Saturday, October 31, 2009
The odds were stacked against her--what with her being ignorant of the ways of cake baking and decorating and generally cooking challenged. The universe smirked as she crept across the cool tile, arranging ingredients. Even her coffee mug mocked her mission. (It reads "another day of winging it" and the ziggy is totally smirking.)
Like a Native American adolescent on a vision quest, armed with only a bone knife and her wits...one woman dared to make her child's first birthday cake. To MAKE IT HERSELF!! NOT TO BUY IT IN THE STORE, ALREADY DECORATED, LIKE A SANE PERSON!!
By the time the first cake went into the oven, the anxiety was beginning to hit. Would this cake muster up? Or had she just invested 14.75 in Failure and Shame?
The first cake, thankfully, came out golden and gorgeous...
And plopped eagerly onto the foil-covered cardboard.
The second cake came out much less perfect and rectangular, but that was okay. The second cake was cut up to make arms and crazy orange monster hair anyway! Yes! This was going to work!
By the time the woman began icing Brobee's crotch, she was feeling positively giddy.
There was a moment of terror just before the laying down of the eyes--those being the MAKE OR BREAK IT element of the entire cake!!--but...
The terror and nerves were for naught...because she kicked the A$# of that Brobee cake.
Baby's 1st Birthday Cake--check.
Up next, world domination. Or maybe...some zombie cupcakes...
Thursday, October 29, 2009
First, I was seated next to the fabulous Marley Gibson, author of the "Ghost Huntress" series. She was a great table mate and we bonded so firmly we're probably Bffs now. Or very close to it. I mean, she even let me sit on her lap (as seen here):
Then I got to fangirl out over Rosemary Clement-Moore (Linda Gerber was just to our right, you can't see her, but that totally added to the fangirl outburst and squeeing, as pictured below.)
Then I shot my husband cranky looks over my shoulder because I had a splitting headache. (But then he went and got me Advil, proving, once again, that his a god among men and I will never set him free.)
Then we all had to huddle and judge a costume contenst (you can see Melissa Francis there across the huddle. This was the only pic I got of Mel! Ack! This is very poor camera wrangling because she looked gorgeous and was funny and charming, as always.)
Then I practiced my Vanna for Chloe Neil. (She was impressed, I could tell, and may hire me to follow her around and motion toward her banner at all her signing events. We're in talks.)
And finally, a group picture. (I'm the little squatting one on the right. Because I wanted to cuddle the sign or something...I don't know. I really can't remember why I did things as far back as last Saturday.)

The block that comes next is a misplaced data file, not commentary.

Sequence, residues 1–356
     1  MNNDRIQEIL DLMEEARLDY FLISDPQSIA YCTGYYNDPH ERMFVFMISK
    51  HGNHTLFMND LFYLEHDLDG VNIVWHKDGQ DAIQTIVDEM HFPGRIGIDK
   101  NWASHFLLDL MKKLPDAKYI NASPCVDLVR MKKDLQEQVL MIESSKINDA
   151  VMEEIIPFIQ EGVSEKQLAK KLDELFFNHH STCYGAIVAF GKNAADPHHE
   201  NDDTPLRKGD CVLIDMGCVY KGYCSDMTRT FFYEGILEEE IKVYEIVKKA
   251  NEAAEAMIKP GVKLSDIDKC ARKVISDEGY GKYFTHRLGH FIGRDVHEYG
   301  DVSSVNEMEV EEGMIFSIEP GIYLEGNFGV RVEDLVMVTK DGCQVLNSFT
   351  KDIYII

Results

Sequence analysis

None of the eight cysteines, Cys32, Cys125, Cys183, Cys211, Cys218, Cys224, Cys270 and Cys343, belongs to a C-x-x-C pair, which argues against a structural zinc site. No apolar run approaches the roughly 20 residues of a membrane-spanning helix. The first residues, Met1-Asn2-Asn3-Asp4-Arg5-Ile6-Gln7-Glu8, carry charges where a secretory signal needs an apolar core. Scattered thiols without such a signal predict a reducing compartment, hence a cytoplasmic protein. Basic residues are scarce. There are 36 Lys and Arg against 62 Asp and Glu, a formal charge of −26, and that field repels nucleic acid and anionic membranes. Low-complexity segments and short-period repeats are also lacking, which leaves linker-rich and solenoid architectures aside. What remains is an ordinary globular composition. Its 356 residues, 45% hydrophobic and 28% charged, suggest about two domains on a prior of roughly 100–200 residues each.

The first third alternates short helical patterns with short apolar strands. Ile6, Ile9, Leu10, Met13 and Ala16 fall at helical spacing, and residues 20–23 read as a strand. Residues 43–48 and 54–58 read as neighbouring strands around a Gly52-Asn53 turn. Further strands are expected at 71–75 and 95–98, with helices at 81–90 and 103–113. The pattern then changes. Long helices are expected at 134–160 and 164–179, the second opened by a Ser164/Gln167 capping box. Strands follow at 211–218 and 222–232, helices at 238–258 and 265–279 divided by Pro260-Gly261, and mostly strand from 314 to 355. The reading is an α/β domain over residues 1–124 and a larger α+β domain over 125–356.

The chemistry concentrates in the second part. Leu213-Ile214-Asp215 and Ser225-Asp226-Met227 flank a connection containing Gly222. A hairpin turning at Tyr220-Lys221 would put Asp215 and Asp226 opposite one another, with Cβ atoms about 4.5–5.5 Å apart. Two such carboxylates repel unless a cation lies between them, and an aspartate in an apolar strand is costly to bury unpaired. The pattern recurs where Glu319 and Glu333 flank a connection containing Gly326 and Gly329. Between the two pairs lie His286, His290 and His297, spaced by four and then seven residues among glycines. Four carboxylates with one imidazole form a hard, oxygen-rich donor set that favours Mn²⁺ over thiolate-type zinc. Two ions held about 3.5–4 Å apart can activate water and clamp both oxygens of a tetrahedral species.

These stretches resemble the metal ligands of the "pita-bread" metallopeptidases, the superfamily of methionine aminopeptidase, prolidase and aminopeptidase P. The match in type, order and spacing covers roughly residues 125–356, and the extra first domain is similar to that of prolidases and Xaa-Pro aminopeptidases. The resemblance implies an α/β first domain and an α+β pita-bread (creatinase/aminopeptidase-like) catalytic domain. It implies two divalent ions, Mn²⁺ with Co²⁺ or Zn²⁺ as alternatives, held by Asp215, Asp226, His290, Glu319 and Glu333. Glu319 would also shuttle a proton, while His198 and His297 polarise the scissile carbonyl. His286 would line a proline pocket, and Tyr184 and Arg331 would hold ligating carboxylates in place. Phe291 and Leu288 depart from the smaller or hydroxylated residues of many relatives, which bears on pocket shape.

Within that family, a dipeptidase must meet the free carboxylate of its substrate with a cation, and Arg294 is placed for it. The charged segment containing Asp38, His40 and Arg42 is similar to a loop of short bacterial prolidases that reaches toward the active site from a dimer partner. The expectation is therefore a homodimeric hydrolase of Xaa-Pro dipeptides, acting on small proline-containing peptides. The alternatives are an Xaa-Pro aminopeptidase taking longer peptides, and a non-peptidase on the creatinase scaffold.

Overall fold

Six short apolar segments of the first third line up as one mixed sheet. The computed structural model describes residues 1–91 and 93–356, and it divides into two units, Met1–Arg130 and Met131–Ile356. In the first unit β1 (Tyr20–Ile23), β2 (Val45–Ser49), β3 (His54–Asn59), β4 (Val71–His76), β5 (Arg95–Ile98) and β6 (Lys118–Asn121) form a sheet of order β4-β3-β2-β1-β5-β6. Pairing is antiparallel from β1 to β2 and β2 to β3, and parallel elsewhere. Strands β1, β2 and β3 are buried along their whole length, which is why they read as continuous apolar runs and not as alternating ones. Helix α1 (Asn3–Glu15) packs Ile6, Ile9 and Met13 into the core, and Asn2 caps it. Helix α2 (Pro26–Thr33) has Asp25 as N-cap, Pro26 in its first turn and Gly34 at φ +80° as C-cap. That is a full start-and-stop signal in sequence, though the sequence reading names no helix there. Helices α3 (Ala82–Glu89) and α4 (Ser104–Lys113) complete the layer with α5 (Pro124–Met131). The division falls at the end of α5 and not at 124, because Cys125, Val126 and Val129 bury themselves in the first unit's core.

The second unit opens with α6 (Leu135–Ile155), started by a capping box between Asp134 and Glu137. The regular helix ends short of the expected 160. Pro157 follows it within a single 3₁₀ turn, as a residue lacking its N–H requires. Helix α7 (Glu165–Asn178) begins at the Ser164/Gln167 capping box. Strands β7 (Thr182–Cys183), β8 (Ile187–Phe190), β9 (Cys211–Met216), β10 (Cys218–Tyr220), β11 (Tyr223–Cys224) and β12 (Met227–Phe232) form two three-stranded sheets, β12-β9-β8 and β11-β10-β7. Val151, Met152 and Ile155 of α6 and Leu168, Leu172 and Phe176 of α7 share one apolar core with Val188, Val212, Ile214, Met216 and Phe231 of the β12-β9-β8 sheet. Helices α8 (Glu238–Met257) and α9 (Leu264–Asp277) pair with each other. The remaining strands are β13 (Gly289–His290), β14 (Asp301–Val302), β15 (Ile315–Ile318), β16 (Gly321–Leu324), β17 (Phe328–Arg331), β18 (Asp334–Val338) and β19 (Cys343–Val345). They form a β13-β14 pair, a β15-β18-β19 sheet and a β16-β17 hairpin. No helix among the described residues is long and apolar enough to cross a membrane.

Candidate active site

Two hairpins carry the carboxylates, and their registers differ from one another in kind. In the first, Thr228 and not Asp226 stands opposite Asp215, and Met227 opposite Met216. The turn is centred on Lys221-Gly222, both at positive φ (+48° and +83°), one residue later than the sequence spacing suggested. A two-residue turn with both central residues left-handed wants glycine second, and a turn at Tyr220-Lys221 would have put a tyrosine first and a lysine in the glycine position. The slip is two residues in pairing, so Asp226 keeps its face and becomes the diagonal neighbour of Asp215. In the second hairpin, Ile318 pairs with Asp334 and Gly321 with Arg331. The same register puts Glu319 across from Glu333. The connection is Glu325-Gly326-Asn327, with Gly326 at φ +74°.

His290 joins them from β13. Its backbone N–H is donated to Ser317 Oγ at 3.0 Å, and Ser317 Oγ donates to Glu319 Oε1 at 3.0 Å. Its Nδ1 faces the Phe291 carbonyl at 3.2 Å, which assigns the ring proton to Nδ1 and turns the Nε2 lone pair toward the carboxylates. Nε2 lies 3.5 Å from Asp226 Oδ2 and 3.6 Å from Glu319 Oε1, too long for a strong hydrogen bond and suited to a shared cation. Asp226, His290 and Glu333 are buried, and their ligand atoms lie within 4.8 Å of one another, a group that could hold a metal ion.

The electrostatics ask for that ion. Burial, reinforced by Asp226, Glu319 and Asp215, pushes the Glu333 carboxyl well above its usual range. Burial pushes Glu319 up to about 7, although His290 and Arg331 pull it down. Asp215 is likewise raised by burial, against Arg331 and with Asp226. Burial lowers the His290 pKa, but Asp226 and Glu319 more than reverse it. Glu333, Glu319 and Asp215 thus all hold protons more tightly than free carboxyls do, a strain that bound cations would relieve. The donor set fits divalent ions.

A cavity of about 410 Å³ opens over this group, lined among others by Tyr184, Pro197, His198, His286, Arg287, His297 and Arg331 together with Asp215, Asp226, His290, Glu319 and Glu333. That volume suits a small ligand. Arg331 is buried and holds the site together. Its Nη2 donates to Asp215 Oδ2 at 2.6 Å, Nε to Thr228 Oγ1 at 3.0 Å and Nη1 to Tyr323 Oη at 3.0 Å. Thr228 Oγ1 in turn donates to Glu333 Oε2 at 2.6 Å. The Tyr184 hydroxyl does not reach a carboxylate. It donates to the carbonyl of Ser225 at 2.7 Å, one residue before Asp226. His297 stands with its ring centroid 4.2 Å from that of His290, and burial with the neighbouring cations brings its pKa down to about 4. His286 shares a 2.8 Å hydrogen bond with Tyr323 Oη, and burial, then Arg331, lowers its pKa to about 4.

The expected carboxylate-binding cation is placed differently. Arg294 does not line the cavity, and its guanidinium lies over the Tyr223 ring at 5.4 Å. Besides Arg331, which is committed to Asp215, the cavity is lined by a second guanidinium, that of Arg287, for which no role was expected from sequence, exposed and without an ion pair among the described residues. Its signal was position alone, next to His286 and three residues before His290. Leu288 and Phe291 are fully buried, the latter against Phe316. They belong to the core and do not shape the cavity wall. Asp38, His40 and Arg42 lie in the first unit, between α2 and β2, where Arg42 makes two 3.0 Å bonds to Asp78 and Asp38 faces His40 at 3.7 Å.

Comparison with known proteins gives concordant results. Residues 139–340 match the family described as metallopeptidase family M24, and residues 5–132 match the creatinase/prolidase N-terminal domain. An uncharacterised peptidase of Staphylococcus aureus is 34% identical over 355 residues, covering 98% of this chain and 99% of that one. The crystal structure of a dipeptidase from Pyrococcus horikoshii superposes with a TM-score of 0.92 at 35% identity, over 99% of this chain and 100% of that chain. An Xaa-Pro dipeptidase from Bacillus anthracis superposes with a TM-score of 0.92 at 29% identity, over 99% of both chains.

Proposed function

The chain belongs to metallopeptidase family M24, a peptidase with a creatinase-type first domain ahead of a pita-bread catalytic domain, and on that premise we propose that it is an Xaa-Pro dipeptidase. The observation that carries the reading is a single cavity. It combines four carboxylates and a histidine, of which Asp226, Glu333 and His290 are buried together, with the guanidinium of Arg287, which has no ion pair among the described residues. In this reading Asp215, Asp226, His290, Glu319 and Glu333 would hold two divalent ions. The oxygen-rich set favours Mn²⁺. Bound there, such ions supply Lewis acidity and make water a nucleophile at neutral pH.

So thank you to the North Little Rock Books-a-Million for a lovely event! And thanks to all the ladies for being awesome. (They really were awesome. You should go buy some of their books. Now.)
Monday, October 26, 2009
It's time for another installment of Mentoring to the Internetz, in which I share what little knowledge/wisdom I have acquired about the business of writing with young and beginning writers. (The series is a response to the large number of emails I've received from writers wanting advice, not any strong feelings on my part that I am the goddess of the written word or anything of the sort. I'm just a working writer, here to share. As always, take the opinions or leave them. Your choice!)
If you're new to the series, check out Post Number One here: http://staceyjayya.blogspot.com/2009/10/mentoring-to-internetz-part-one-intro.html
And Part Two here: http://staceyjayya.blogspot.com/2009/10/mentoring-to-internetz-part-two-basics.html
So far, we've covered a bit about the importance of Reading and Writing and establishing daily writing habits and goals. Today, we're going to talk about revising. I'll tell you flat out that I HATE revising (major revising, not "smoothing", which is what I like to call tweaking sentences for flow, checking spelling, making little changes to maintain story continuity and all that stuff). It isn't that I mind the work or think my shiny new words are perfect the way they are, but that I have a very hard time re-imagining a scene once I've written it.